Two of Fox News' favorite Democrats published an op-ed in today's Washington Post which purported to warn of the frightening horrors that await Democrats in the upcoming midterm elections if they pass health care reform. What they gave us, however, was an embarrassing display of half-baked analysis that encapsulates so much of what is wrong with the "debate" over health care reform in our media.
Here's the central point of their column:
First, the battle for public opinion has been lost. Comprehensive health care has been lost. If it fails, as appears possible, Democrats will face the brunt of the electorate's reaction. If it passes, however, Democrats will face a far greater calamitous reaction at the polls. Wishing, praying or pretending will not change these outcomes.
While polling numbers for the health care reform bill are certainly not strong as Democrats might hope, as Jon Chait points out in response to Caddell and Schoen, support for the bill has been trending upward. But that's beside the point.
What makes this op-ed so dishonest is that Caddell and Schoen spend the entire column expressing their concern over polling about health care reform without once suggesting that polling numbers may be so low because conservatives (and even self-identified Democrats like Schoen) have spent the last year lying - repeatedly, unabashedly, and without consequence - about health care reform.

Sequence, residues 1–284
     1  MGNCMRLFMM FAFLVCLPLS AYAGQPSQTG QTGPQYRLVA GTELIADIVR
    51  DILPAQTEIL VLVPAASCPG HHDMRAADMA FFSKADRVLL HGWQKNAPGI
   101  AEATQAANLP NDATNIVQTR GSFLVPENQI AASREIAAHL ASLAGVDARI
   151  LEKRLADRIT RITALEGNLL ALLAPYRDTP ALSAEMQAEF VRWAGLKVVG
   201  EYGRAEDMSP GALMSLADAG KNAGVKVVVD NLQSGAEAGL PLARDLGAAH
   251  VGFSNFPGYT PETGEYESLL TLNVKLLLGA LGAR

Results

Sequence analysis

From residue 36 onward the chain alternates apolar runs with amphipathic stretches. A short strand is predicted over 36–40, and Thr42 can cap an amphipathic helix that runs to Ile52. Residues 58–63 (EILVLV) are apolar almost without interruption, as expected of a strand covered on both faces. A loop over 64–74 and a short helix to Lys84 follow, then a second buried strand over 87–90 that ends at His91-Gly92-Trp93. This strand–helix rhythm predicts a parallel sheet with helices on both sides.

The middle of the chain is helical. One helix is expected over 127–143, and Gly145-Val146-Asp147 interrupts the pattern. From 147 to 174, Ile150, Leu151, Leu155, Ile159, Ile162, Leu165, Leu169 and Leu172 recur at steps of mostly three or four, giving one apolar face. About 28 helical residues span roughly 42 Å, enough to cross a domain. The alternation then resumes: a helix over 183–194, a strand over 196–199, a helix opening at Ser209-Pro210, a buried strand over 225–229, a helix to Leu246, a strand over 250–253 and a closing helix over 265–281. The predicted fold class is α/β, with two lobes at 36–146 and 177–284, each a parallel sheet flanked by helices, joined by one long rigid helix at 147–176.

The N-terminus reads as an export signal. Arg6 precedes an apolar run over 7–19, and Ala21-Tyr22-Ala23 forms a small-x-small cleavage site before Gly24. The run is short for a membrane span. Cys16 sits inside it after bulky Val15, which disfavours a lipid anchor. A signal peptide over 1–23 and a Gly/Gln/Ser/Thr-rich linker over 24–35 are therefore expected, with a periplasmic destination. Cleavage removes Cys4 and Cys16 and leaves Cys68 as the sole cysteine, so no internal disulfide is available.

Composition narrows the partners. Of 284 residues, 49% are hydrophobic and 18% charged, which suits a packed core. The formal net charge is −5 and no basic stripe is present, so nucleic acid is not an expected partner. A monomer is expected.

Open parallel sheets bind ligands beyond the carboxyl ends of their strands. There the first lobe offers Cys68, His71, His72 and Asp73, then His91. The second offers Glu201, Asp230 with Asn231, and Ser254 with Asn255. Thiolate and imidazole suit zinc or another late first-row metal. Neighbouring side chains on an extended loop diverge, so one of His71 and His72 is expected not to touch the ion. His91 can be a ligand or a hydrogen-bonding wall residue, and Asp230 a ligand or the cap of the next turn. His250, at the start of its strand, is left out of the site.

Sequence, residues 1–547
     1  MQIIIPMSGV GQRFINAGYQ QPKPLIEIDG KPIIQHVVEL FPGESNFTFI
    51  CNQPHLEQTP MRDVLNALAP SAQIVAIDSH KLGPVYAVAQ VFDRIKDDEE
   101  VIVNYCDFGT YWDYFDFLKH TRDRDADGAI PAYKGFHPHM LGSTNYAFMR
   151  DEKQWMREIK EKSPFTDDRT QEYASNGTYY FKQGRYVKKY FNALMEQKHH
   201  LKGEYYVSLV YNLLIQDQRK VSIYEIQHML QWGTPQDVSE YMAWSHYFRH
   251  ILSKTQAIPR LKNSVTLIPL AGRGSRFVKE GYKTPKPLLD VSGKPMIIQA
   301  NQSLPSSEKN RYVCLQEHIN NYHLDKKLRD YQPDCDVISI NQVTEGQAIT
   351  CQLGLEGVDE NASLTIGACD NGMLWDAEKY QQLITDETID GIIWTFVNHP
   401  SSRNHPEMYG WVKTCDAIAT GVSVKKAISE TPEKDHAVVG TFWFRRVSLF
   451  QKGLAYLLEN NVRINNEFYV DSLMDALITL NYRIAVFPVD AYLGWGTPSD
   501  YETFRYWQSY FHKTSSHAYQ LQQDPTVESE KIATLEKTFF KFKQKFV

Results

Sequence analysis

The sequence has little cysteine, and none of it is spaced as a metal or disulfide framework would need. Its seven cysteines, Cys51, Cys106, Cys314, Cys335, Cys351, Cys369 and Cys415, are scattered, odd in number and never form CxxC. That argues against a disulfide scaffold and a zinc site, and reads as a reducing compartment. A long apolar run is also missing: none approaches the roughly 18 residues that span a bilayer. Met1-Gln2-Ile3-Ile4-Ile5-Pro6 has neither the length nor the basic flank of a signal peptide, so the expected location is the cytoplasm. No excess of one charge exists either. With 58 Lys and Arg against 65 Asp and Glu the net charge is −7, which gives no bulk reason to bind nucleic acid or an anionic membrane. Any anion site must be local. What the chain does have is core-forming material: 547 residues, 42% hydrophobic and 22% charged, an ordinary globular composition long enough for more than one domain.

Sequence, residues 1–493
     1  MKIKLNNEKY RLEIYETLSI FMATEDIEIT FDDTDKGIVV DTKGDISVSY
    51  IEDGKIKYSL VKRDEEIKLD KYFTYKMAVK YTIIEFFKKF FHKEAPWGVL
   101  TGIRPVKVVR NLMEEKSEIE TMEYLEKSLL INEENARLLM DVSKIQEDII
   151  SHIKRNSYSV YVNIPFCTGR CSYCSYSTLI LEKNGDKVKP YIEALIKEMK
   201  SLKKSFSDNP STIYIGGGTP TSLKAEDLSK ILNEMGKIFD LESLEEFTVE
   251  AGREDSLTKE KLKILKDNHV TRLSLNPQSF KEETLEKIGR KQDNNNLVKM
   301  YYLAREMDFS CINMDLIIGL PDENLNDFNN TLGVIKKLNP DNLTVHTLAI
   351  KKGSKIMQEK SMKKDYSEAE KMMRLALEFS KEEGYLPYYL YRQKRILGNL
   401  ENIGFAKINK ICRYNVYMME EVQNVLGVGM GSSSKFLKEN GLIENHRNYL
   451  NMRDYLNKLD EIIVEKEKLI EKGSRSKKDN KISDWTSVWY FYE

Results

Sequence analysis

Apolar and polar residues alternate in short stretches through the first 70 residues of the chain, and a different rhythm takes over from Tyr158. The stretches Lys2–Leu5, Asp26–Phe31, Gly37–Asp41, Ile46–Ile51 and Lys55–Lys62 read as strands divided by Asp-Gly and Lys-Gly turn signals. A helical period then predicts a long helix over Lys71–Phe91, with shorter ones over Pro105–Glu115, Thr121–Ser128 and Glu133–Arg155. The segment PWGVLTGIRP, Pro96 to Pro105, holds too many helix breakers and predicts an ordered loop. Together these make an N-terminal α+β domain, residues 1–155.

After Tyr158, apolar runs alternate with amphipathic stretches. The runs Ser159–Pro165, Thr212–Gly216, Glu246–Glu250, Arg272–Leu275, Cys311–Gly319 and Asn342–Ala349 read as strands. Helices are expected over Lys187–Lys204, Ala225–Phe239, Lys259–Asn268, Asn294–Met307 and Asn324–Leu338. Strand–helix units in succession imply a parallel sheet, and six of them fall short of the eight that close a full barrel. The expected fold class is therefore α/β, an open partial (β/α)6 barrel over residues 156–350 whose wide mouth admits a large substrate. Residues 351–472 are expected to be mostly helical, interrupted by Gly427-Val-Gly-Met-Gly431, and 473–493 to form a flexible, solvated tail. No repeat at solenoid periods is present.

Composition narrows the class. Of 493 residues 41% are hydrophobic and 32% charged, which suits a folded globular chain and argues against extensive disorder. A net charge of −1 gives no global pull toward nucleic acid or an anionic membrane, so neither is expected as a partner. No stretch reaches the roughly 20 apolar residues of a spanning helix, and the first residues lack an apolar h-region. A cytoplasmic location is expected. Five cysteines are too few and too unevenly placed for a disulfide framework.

Here's Caddell and Schoen discussing the specifics of a recent Rasmussen poll:
Many more Americans believe the legislation will worsen their health care, cost them more personally and add significantly to the national deficit. Never in our experience as pollsters can we recall such self-deluding misconstruction of survey data.
This might have been a good opportunity to correct the record and inform The Washington Post's readers that no, for the vast majority of people, health care reform won't increase the cost of their premiums. Additionally, according to the CBO, the Senate Bill will actually decrease the national deficit by $118 billion dollars. Though judging from their column, I wouldn't be surprised if Schoen and Caddell agree with Limbaugh that the CBO is "lying."
The fact that most Americans "believe" the legislation will worsen their health care could be attributed to the fact that they have been lied to about reform - but Caddell and Schoen never even consider that possibility. And they outright reject the idea that if the Dems pass reform support for the bill may increase when people realize President Obama isn't going to euthanize their grandmother:
The notion that once enactment is forced, the public will suddenly embrace health-care reform could not be further from the truth -- and is likely to become a rallying cry for disaffected Republicans, independents and, yes, Democrats.
Don't go looking for their evidence for this claim - they don't even bother trying to provide any.
Then there's their section on reconciliation:
Now, we vigorously opposed Republican efforts in the Bush administration to employ the "nuclear option" in judicial confirmations. We are similarly concerned by Democrats' efforts to manipulate passage of a health-care bill.
For the millionth time, reconciliation is not the nuclear option. Anyone arguing that it is either has an awful memory or is being deliberately dishonest in order to obscure serious debate about health care reform. Either way, they probably shouldn't be publishing op-eds in The Washington Post on health care reform.
I do, however, agree with one point made in the column:
Health care is no longer a debate about the merits of specific initiatives.
This is true - thanks in part to people like Pat Caddell and Doug Schoen.
Caddell and Schoen's advice for Democrats is so good, even the GOP is eagerly promoting it. And, as we know, they always have Dems' best interests in mind.